* 1 pound small red boiling potatoes
* 2 tablespoons good dry white wine
* 2 tablespoons chicken stock
* 3 tablespoons Champagne vinegar
* 1/2 teaspoon Dijon mustard
* 2 teaspoons kosher salt
* 3/4 teaspoon freshly ground black pepper
* 10 tablespoons good olive oil
* 1/4 cup minced scallions (white and green parts)
* 2 tablespoons minced fresh dill
* 2 tablespoons minced flat-leaf parsley
* 2 tablespoons julienned fresh basil leaves
Drop the white and red potatoes into a large pot of boiling salted water and cook for 20 to 30 minutes, until they are just cooked through. Drain in a colander and place a towel over the potatoes to allow them to steam for 10 more minutes. As soon as you can handle them, cut in 1/2 (quarters if the potatoes are larger) and place in a medium bowl. Toss gently with the wine and chicken stock. Allow the liquids to soak into the warm potatoes before proceeding.
Combine the vinegar, mustard, 1/2 teaspoon salt, and 1/4 teaspoon pepper and slowly whisk in the olive oil to make an emulsion. Add the vinaigrette to the potatoes. Add the scallions, dill, parsley, basil, 1 1/2 teaspoons salt, and 1/2 teaspoon pepper and toss. Serve warm or at room temperature.
My notes: I didn't use the dill (on purpose) and I forgot the basil. I also used white wine vinegar. I also just shook the dressing in a jar with a screw top lid for the emulsion. Oh, and I only used the salt in the dressing, it was plenty for me.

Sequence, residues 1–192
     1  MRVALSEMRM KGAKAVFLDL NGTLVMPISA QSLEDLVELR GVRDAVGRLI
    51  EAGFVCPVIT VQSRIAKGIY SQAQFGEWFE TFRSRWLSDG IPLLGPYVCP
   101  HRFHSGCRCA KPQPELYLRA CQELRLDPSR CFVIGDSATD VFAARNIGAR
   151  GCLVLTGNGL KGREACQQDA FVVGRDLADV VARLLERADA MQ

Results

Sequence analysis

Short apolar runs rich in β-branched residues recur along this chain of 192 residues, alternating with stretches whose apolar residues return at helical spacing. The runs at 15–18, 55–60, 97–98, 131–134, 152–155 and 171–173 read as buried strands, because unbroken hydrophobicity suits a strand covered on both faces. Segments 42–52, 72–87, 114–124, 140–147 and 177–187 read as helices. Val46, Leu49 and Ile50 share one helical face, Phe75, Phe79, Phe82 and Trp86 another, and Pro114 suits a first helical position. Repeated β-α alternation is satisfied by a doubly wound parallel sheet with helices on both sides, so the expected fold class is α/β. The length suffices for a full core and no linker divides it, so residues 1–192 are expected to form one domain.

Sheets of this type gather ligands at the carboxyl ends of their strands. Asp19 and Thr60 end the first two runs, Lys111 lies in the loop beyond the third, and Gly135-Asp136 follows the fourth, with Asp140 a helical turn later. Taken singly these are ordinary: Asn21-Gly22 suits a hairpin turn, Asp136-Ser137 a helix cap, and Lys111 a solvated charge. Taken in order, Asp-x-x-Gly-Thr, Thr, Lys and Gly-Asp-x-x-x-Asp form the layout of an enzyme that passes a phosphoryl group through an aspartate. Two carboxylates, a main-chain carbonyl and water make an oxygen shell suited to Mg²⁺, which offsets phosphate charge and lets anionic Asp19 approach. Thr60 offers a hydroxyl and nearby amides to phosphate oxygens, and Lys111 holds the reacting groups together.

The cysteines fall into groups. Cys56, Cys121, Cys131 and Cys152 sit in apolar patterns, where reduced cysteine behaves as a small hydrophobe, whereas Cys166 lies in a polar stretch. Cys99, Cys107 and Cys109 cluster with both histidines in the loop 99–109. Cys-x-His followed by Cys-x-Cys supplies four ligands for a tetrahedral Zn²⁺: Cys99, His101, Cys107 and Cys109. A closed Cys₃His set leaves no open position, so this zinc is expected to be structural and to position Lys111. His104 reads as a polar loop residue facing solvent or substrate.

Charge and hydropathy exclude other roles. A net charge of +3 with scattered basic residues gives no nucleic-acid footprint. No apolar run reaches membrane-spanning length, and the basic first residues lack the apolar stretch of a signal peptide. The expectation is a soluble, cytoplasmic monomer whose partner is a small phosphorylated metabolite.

We made a wild rice salad based on this Martha Stewart one http://www.marthastewart.com/recipe/wild-rice-salad-with-corn?autonomy_kw=wild%20rice%20salad&rsc=header_2. I used frozen grilled red peppers and frozen roasted corn (both from TJs) and forgot to add cilantro, and it was still very good! I don't always like wild rice, so I was glad to find a recipe for it I really enjoyed.
07-06-2009, 02:56 PM
I made Cooking Light's Amber Ale Baked Beans (http://find.myrecipes.com/recipes/recipefinder.dyn?action=displayRecipe&recipe_id=1206168). We thought they were very good but mine turned out a little saucier than what the picture shows -which was a good thing because we like saucy. I used RG's vaquero beans and thought they were perfect. I was a little concerned because after I purchased the beans I did a BB search and found that a few people didn't care for the vaqueros, but we really enjoyed them.
07-07-2009, 03:10 PM
SheRa, those ribs look amazing! We don't smoke, but might borrow the rub for crockpot ribs sometime!
For a 5th of July cookout we went to, I made 2 new-to-me recipes from the Baking Bites blog--Red, White, and Blue Chocolate strawberries and a S'Mores Cake. The strawberries were devoured almost entirely BEFORE the weenies and burgers, folks were so taken w/their cuteness. I used "good" white bar choc. from the baking section, not white chips, and they were wonderful (and I don't like white choc.). The blue sugar sweated a bit and left lil blue puddles, tho (humidity was nasty here over the weekend). The S'Mores Cake was very tasty, but there's a reason that marshmallow creme is in a jar! Holymoly, I turned my back for 2 minutes after plopping it between the very cooled graham cake layers and that stuff was going off the cake into the channel of the Tupper cake holder where the lid goes! I needed a marshmallow dam! Maybe will chill the cake layers next time to try and hold the marshmallow stuff on the cake. The milk chocolate ganache (I used Hershey bars) pooled into the channel as well, it looked like a giant messy s'mores around the edges, but tasted great. I was afraid none of the marshmallow was left in the middle of the layers, but darned if there wasn't some still in there. And for my sis-in-law's dad mostly, I made his favorite, CL's Icebox Chocolate Eclair--I think they'd send me home if I didn't make this for them every year!